A fistful of entrepreneurs are packing their bags to take the high road to success, says ARTI SHARMA
It goes beyond the desire to turn wanderlust into lucrative business. A handful of young, first generation entrepreneurs with middle-class, conventional educational backgrounds are pushing the envelope to set up businesses in unknown territory.
How else would you explain engineers, management graduates and other professionals chucking up lucrative, staid jobs to set up paragliding schools, guesthouses, trekking and biking holiday companies and travel agencies, with no prior experience or antecedents?
These aren’t easy decisions to make considering the risks involved. But if Sanjay and Astrid Rao, Rajinder Singh, Ashis Das and Abhik Dutta, Melissa Almeida, Jayesh Morvankar and Deepankar Basu were given a choice between a regular nine-to-fiver and struggling to make ends meet, they’d all unanimously pick the latter.
Shaking off old garbs and conventionalities, all these people have redefined their lives, needs and ideas of success.
“Materialism is no longer related to luxuries but making ends meet. As long as that happens, we’re happy and anything over that is a bonus,” says Sanjay Rao of Nirvana Adventures.
Coming from a conservative south Indian family of doctors and engineers, Sanjay was expected to follow suit. He toed the line with an electronics engineering degree and stints with Zenith Computers and Dubai-based Jumbo Electronics.
Two years with Jumbo and he was ready to get back to India to find his true calling. “I earned and partied a lot, as a result I was always broke mid-month. I decided it was better to get back to India and be broke here,” laughs Sanjay.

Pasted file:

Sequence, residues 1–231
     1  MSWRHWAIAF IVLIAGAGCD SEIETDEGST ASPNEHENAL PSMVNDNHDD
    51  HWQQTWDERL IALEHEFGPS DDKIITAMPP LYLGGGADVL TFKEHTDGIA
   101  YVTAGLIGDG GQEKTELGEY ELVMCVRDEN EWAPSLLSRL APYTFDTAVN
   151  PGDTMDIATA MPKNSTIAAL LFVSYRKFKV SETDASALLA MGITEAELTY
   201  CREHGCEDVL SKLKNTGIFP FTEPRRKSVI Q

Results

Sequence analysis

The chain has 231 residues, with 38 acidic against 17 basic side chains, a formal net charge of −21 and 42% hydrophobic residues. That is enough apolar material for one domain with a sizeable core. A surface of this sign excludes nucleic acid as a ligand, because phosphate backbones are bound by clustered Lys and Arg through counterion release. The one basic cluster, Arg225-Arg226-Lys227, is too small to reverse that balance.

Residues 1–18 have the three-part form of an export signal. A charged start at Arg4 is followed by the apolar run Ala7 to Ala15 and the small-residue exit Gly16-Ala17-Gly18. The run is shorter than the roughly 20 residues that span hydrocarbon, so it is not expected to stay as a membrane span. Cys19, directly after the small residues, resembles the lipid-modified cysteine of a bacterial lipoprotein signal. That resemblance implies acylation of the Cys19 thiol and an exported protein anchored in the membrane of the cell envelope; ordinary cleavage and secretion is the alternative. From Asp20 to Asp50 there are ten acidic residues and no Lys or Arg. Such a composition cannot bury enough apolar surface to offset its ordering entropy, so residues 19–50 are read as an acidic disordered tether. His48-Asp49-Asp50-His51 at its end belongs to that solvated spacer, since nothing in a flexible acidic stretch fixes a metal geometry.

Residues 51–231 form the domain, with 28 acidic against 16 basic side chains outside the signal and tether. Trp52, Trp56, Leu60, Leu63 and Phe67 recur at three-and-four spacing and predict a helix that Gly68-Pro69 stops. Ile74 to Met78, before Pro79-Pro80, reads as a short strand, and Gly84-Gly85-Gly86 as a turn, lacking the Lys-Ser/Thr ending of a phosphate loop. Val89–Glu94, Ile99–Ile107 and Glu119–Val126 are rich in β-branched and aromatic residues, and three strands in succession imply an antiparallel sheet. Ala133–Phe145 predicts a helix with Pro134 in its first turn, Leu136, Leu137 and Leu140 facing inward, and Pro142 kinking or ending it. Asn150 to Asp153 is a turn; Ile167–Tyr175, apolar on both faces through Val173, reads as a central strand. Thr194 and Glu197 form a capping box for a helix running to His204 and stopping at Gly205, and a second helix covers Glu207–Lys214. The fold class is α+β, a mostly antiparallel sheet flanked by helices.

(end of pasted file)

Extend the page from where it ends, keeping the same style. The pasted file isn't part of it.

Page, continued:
On his return he took full advantage of the upswing in the stock markets in the early nineties. About the same time, he met Astrid, an advertising executive working with Lintas, through friends and got married years later. They discovered a common love for nature and decided to buy some land in Kamshet, 120 km from Mumbai when the opportunity arose. “I grew up in a green environment and suddenly it felt like the city I grew up in was closing in on me. I had to get out,” says Astrid. Sanjay also discovered paragliding through friends.
Initially friends would drive down to Kamshet to spend barbecue, beer weekends. They then started asking about learning paragliding and that’s how Nirvana Adventures, the school, started.
Astrid then quit her job, conceived the website and the residential facilities called Native Place. Today, apart from trained pilots, students and corporates come over for weekends of flying and Sanjay’s hospitality.